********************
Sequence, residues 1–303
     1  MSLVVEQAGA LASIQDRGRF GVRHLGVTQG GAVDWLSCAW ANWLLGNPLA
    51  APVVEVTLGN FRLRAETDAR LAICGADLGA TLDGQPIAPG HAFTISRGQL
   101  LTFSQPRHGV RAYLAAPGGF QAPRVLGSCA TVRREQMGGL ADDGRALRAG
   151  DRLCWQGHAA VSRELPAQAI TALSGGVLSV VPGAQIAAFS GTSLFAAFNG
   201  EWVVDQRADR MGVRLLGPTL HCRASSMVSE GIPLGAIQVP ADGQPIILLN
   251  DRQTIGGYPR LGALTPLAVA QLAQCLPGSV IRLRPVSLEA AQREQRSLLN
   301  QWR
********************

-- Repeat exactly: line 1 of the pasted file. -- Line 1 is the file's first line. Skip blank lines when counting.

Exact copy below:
Sequence, residues 1–303